Oct 1, 2014

An old retro phrase - and a rant on modern day vernacular

"I'm as fine as a split hair on a toad"

This one comes from my own memory banks.  Whenever my Grandfather was asked how he was doing, he would often answer with this very phrase.  The meaning?  Well.. seeing as a toad has no hair to speak of, a split hair on said toad would be pretty fine indeed!

I've used this phrase on many occasions in the past, but stopped utilizing it many moons ago.  The reason being, is that nine times out of ten, I would usually get a blank stare, and would succinctly have to explain the meaning of the phrase.  In fact.. the only time the saying was understood, was when I uttered it to folks my parents age and older.

Knowing there was no way I could be the only one to remember this endangered phrase, I turned to Google and indeed found it, along a few other variations..

  • "finer than a split hair on a toad's back"
  • "finer than a frog's hair split three ways"
  • "finer than a frog's hair split four ways"
  • "finer than frog hair"

So why don't great old sayings like this work in this day and age?  It's quite simple.. we're slowly but surely getting dumbed down.  Many people don't want to exert too much effort when deciphering a joke, watching entertainment, reading, or writing.  I'm sure I'm not the only person to see company e-mails circulate that are composed with shortened cyber words such as ROFL, THX, or IDK.

On a side note.. have you noticed that the good old fashioned double entendre is also becoming a thing of the past? (unless it's dirty or off color that is).  Not that I'm opposed to such humor.. but I miss the days where I could sit down with my kids to watch a television show, and not be bombarded with vulgar punch lines and raunchy jokes at every turn.  This type of raunchy humor seems to be a crutch for some of the most popular sitcoms on television these days.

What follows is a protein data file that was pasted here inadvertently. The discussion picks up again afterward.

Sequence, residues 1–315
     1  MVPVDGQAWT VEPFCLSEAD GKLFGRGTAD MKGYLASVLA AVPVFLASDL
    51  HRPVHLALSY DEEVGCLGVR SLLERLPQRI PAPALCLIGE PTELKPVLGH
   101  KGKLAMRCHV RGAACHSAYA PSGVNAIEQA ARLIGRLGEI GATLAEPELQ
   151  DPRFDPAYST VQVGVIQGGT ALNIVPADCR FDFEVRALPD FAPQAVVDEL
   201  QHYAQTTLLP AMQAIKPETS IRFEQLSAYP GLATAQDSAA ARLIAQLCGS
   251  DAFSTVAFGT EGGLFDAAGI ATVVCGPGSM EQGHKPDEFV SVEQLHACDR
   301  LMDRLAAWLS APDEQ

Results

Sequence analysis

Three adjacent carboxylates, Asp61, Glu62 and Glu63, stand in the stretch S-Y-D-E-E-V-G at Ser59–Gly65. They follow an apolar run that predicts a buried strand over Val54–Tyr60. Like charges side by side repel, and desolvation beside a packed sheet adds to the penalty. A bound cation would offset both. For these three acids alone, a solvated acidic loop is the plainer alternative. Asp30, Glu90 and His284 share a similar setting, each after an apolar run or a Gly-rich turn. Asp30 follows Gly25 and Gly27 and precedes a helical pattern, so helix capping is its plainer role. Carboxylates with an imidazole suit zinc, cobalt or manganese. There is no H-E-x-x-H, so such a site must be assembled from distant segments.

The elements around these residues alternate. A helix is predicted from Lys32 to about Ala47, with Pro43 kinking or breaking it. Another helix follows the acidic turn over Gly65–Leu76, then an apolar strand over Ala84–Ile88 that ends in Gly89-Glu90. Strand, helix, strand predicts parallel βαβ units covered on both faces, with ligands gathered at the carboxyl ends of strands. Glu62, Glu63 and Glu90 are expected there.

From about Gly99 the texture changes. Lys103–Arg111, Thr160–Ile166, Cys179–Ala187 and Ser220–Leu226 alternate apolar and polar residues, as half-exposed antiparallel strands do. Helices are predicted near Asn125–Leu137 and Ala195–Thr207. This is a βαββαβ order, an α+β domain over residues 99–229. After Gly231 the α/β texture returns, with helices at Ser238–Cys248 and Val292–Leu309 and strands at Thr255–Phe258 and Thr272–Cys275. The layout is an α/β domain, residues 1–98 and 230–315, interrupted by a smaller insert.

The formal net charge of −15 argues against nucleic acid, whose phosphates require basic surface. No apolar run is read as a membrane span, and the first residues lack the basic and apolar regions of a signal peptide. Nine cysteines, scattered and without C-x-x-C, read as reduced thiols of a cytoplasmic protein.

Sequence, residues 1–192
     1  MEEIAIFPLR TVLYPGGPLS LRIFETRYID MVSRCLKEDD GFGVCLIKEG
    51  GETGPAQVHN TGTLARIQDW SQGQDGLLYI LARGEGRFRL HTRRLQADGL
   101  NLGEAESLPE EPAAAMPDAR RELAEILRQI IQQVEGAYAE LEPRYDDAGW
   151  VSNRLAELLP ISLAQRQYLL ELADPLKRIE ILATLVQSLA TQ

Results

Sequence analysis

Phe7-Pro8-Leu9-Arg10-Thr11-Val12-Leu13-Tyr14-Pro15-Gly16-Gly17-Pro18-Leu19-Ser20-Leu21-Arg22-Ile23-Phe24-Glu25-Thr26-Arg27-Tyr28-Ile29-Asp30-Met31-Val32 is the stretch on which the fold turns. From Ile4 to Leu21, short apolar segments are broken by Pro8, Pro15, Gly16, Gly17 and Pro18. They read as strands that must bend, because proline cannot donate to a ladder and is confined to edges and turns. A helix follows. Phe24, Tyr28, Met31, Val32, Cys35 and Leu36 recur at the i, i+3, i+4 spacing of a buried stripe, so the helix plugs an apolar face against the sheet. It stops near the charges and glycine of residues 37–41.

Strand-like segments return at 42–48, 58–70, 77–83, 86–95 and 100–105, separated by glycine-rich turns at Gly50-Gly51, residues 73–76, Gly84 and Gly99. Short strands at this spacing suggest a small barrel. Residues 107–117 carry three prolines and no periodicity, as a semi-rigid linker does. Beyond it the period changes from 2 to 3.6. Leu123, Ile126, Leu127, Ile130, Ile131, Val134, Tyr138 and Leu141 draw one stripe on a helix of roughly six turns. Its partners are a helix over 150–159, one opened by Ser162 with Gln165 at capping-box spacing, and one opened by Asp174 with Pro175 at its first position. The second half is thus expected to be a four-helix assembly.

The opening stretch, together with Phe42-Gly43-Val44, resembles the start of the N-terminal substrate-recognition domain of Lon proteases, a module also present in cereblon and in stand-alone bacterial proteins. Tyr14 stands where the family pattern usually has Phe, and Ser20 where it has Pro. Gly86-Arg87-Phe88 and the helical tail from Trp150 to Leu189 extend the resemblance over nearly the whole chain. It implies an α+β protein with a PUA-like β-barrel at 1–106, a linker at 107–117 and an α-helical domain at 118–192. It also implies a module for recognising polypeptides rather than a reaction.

Another trend is the desire to save as much time as one can while speaking.  Music is where I first noticed this.  When I was a kid, Bachman Turner Overdrive became known as BTO,  New Kids on the Block started being referred to as "NKOTB", I also see that Lady Gaga is now becoming more widely known as "Gaga".

Advertising execs and national retailers are now getting in on the act of simplifying brand names as well.  The Sci-Fi channel is now named "SyFy".  Wasn't "Sci-Fi" already a shortened phrase? And how about IHOP?   I don't know about you, but I personally never got winded or irritated by having to take a whole two seconds to utter the words.. "International House of pancakes", but that's just me.

I have a 1961 California school text book that is full of fairy tales, that I used in second grade.  The biggest differences I notice between this book and today's books for the same grade, are pretty distinguishable. The books of today seem simpler, with shorter sentence structure and simpler use of the English language.  The 1961 textbook didn't dumb anything down.  The words may have been a bit more complex, and while there were times my friends and I scurried to keep up in regards to comprehension, it ultimately made us better writers, speakers, as well as more articulate.

I wonder just how much more simplified and lazy our vernacular will get after a few more decades pass?  IDK.. TTBOMK, WAD.. WAEF.. most of us WILCO.

Not current on your Cyber phrase lingo?  You can decipher these abbreviations and many more at:  Net Lingo

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